Shanghai, China, cruise, port, Asia-Pacific, fastest growth,, Tianjin, Hong Kong, Beijing, Paris, WTTC, report, tourism, travel, cities, GDP, earnings, world, top, New York, Asia
The glowing, growing cityscape of Shanghai

World’s best performing tourism cities listed

The annual Cities Report by the World Travel & Tourism Council highlights the increasing dominance of cities in Asia.

The world’s best performing cities for tourism are revealed in a new report covering 72 of the “most important tourism cities”, which together generated over $625 billion in gross domestic product last year, or almost a quarter of global travel and tourism GDP.

The annual Cities Report by the World Travel & Tourism Council was presented at the WTTC Asia Leaders Forum in Macau.

The world’s top ten cities in terms of tourism market size are now Shanghai (US$35bn), Beijing ($32.5bn), Paris ($28bn), Orlando ($24.8bn), New York ($24.8bn), Tokyo ($21.7bn), Bangkok ($21.3bn), Mexico City ($19.7bn), Las Vegas ($19.5bn) and Shenzhen ($19bn).

Nine of the world’s top ten cities for tourism in terms of job creation are now in Asia, the list being Jakarta, Beijing, Mexico City, Shanghai, Bangkok, Chongqing, Delhi, Mumbai, Ho Chi Minh City and Shenzhen.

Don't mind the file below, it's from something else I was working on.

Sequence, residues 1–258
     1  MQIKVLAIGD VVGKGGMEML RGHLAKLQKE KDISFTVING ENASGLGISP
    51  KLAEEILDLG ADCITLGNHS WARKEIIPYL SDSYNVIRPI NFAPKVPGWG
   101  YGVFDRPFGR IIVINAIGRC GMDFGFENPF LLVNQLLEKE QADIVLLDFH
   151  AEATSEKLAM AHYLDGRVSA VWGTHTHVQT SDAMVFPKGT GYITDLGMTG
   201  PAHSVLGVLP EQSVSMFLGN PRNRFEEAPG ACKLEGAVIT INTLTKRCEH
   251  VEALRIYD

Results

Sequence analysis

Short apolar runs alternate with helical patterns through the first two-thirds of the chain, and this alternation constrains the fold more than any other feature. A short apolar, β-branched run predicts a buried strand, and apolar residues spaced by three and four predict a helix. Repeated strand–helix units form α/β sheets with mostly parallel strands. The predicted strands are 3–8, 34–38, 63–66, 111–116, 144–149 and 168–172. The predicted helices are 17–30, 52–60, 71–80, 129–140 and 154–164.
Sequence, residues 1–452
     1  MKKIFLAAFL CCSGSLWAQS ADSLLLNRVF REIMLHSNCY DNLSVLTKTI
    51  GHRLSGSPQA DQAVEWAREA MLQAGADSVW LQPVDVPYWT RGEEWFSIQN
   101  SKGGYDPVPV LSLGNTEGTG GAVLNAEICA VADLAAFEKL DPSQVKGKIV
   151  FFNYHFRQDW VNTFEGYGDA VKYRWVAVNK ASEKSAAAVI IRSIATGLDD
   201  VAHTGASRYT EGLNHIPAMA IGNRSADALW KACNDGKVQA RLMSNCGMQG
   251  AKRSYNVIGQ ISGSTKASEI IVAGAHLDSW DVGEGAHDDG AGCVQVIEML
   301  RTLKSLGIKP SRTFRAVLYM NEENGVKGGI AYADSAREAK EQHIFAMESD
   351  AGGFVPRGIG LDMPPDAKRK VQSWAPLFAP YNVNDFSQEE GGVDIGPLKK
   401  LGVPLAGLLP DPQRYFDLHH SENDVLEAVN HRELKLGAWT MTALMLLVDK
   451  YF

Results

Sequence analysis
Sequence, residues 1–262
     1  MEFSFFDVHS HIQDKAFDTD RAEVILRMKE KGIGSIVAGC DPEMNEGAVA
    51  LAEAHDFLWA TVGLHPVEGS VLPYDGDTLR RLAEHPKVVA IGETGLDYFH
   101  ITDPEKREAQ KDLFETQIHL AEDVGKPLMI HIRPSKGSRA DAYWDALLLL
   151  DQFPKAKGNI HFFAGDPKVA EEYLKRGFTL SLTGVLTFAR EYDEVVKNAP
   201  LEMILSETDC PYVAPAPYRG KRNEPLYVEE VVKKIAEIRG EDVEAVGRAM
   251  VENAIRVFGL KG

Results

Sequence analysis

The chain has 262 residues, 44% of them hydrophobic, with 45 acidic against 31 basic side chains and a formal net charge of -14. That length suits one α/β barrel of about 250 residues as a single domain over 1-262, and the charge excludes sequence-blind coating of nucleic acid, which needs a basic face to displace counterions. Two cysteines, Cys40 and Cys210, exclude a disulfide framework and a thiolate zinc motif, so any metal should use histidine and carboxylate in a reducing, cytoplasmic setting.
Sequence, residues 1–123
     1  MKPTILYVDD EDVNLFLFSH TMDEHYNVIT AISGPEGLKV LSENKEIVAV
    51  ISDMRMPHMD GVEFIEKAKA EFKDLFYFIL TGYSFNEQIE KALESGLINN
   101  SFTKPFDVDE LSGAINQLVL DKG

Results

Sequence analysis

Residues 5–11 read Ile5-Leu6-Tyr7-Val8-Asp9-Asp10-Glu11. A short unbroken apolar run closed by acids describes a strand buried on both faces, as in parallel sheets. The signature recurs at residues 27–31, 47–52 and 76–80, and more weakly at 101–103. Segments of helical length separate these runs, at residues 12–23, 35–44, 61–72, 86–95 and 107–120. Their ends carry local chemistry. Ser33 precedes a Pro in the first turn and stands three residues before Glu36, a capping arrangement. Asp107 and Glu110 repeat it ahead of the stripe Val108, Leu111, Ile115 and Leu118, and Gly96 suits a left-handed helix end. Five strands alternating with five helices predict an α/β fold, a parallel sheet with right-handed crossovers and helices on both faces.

Among the highlights from the report, Cairo was by far the fastest growing city in 2017 in terms of travel and tourism GDP contribution (34.4%), followed by Macau (14.2%).

But four of the five fastest growing cities over the past ten years are located in China, namely Chongqing, Chengdu, Shanghai and Guangzhou.

Shanghai is ranked as the largest city by travel and tourism volume, and by 2027 it is expected to be double the size of Paris in terms of the sector’s direct contribution to GDP.

Bangkok (50.4%), Paris (29.8%), Mexico City (24%) and Tokyo (20.2%), meanwhile, are the biggest contributors to their country’s travel and tourism GDP.

In terms of domestic vs international spending, New York sets an example as a city with “a remarkable balance” (52.7% vs 47.2%), the report says, while Paris relies heavily on international spend and Beijing on domestic.

China’s domination
Chinese cities have matured rapidly over the past decade and the report says they are forecast to continue dominating the growth charts at least up until 2027.

Shanghai, for example, went from being the eighth largest city in terms of travel and tourism GDP in 2007 to become the largest in 2017 – a position it is expected to maintain for the foreseeable future.

Meanwhile, the rapid growth of Guangzhou will take it to fourth place and Chongqing is forecast to join the top 15 for the first time. This comes after a period of sustained infrastructure development, such as investments in airports and product development.

Related stories

How China is changing travel and tourism

Nordic cities among best for city breaks

City breaks outgrow overall tourism